[PAST EVENT] An Evening with Charles F. "Chuck" Sams III, Cayuse and Walla Walla, Director, National Park Service
LocationMartha Wren Briggs Amphitheatre at Lake Matoaka
121 Ukrop Way
Williamsburg, VA 23185Map this location
Access & Features
- Open to the public
Please join us at the Martha Wren Briggs Amphitheatre at Lake Matoaka, for an evening conversation with the 19th National Park Service Director, Charles F. "Chuck" Sams III.
Thursday, April 28, 6:15-8 pm ET (Gates open 6:00 pm)
This event will be simultaneously live streamed.
An IIC Conservation Speaker Series, Indigenous Voices in Conservation event
Sams is Cayuse and Walla Walla and is an enrolled member of the Confederated Tribes of the Umatilla Indian Reservation in Northeast Oregon, where he grew up. He also has blood ties to the Cocopah Tribe and Yankton Sioux of Fort Peck.
Sams most recently served as Oregon Governor Kate Brown's appointee to the Pacific Northwest Power and Conservation Council (NW Council) where he held a position as a council member from March to December of 2021. Prior to joining the NW Council, he served as executive director for the Confederated Tribes of the Umatilla Indian Reservation.
For more than 25 years, Sams has worked in tribal and state government, and in the non-profit natural resource and conservation management field, with an emphasis on the responsibility of strong stewardship for land preservation for this and future generations.
Sams is a veteran of the U.S. Navy where he served as an intelligence specialist. He holds a Bachelor of Science in business administration from Concordia University and a Master of Legal Studies in Indigenous Peoples Law from the University of Oklahoma School of Law. He lives with his wife, Lori Lynn (Reinecke) Sams and their youngest daughter in Alexandria, VA.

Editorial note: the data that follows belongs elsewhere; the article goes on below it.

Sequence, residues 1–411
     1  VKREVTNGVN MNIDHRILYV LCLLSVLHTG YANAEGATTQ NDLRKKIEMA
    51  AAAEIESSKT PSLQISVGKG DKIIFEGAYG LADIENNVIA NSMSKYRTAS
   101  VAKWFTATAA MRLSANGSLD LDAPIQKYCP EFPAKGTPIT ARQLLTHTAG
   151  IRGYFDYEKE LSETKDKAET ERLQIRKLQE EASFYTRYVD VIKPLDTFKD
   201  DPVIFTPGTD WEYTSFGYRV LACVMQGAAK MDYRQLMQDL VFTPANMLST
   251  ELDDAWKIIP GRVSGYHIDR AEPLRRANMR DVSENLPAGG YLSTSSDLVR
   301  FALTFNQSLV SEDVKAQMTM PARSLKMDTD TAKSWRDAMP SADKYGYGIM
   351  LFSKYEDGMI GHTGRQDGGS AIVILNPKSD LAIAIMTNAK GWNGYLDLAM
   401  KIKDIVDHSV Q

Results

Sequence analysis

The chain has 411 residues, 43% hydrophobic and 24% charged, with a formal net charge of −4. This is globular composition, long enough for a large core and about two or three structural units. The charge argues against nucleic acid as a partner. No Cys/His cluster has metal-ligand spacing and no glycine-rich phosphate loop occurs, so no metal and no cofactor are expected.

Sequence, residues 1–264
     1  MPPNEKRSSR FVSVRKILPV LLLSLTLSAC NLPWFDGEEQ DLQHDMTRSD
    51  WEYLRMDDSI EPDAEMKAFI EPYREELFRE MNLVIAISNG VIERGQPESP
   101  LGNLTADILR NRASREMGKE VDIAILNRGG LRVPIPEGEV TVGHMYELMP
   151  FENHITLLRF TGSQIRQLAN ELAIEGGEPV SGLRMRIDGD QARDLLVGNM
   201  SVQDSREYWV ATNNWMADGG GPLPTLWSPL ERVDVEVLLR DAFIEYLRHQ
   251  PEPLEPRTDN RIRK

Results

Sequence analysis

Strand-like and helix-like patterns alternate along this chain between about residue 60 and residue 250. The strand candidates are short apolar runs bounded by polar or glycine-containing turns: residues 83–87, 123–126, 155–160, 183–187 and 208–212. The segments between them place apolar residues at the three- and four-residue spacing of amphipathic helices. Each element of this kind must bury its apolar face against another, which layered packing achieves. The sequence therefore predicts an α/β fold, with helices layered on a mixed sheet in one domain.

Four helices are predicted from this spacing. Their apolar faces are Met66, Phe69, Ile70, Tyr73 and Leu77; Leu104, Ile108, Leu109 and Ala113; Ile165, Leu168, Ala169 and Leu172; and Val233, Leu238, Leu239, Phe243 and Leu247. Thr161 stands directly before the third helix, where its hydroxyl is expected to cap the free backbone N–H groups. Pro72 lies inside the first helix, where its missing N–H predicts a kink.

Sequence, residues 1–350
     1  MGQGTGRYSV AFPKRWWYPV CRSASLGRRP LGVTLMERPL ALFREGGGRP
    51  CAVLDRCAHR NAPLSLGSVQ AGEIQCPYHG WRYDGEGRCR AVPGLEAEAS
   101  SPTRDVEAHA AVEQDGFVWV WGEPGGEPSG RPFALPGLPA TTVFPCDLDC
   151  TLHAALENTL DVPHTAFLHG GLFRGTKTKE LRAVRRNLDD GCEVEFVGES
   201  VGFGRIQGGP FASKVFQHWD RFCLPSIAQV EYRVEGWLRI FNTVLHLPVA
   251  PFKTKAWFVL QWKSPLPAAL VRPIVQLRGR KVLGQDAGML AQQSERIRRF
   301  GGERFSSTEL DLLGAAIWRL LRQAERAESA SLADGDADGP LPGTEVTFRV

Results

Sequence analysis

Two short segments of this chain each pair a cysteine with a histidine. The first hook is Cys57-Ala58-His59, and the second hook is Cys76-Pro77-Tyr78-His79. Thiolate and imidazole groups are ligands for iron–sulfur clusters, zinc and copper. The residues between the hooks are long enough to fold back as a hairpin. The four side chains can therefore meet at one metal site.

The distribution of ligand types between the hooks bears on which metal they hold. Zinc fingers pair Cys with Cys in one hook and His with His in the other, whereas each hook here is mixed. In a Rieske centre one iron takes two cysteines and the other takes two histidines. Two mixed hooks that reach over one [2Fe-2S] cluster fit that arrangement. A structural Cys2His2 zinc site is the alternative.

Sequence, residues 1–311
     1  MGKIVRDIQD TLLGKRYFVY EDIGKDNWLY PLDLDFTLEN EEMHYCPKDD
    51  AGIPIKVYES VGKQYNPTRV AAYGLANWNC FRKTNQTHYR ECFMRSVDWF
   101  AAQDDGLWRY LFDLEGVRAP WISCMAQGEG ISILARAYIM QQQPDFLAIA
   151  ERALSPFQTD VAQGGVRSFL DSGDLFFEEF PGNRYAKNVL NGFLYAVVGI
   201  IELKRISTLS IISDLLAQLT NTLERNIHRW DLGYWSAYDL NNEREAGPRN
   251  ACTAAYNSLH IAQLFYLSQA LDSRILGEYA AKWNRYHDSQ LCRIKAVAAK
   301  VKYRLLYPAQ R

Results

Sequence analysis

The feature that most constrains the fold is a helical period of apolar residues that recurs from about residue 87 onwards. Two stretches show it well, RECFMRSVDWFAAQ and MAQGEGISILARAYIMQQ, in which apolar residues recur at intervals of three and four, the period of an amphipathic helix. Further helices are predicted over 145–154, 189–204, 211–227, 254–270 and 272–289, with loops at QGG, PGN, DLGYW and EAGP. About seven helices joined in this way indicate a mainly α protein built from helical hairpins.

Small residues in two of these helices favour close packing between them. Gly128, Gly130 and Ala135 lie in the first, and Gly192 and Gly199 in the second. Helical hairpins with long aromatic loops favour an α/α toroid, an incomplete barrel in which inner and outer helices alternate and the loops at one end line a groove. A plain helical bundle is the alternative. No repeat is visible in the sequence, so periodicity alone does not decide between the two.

Moderated by Robert Rose, with interviewers Andrew Fisher and Nikki Bass
Nikki Bass is a Nansemond Indian scientist focused on cultural revitalization through environmental stewardship. She was born and raised on the Chesapeake Bay and has 15 years of experience in environmental protection and public health. Nikki weaves traditional and modern indigenous perspectives into interdisciplinary projects that immerse communities in living tribal landscapes and waterways. Over the past decade, she has dedicated her efforts to the Great Dismal Swamp as a site of intertribal significance and the Nansemond River as the original lifeforce of the Nansemond people. She currently works to empower her tribe through data collection, storytelling with geographic information systems, and capacity building through conservation partnerships.
Andrew Fisher is an Associate Professor of History at William & Mary and currently directs the Environment & Sustainability Program (ENSP). His research and teaching interests focus on modern Native American history, environmental history, and the American West.
Robert Rose is the Executive Director for the Institute for Integrative Conservation (IIC) at William & Mary and is the former Director for the Center for Geospatial Analysis (CGA). Prior to William & Mary he spent seven years at the Wildlife Conservation Society as the Assistant Director of Conservation Support.
This event is brought to you by the Institute for Integrative Conservation and the National Park Service, with support for this series from the W&M Center for Racial and Social Justice, American Indian Resource Center, American Indian Students Association, Native Studies Minor, the Environment and Sustainability Program, and Departments of History and Anthropology.